Stones are hard, cold, and tough to break. In line 2, the speaker asks if the people of Vietnam used stone lanterns to light their way. This is a particularly archaic method of lighting, and might indicate that the speaker believes that these people lived in poverty, or were just old-fashioned. But, like we said, stones are hard to destroy; these lanterns would have been long-lasting, like a legacy.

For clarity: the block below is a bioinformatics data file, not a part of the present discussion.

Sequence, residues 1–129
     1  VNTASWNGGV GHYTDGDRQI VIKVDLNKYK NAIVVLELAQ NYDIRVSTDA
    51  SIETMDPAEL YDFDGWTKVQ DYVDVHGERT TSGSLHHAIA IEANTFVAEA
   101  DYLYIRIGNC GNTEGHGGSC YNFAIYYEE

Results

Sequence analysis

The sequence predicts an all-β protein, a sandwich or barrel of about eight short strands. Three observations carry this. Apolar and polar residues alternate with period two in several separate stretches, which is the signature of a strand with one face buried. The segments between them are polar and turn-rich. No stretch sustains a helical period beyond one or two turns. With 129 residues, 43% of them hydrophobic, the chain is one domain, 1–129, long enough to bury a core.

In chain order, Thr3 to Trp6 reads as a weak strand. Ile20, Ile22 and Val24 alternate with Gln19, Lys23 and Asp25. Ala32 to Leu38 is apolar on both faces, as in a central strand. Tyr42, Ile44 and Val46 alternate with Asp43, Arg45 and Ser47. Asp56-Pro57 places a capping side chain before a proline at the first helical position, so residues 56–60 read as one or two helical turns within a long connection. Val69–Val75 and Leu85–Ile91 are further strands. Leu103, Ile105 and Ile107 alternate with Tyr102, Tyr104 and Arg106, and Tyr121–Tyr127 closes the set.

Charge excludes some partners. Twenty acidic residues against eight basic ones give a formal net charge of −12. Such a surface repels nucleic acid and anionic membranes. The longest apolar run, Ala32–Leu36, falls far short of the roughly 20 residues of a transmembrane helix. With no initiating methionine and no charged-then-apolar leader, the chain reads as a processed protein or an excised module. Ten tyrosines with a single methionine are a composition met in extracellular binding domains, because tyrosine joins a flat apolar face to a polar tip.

So, is the speaker actually asking about the legacy of the Vietnamese people? In line 10, the second speaker answers that the people's "hearts turned to stone." This is a more common metaphor for becoming joyless and sorrowful (hence the phrase "stone cold"). If the people of Vietnam did have any lasting legacy, the second speaker says, it was made cold and joyless by the war. The stones themselves would no longer be usable as lanterns; they'd be physically cold to the touch, too, just like the hearts of those lost to the war and those left behind in sorrow.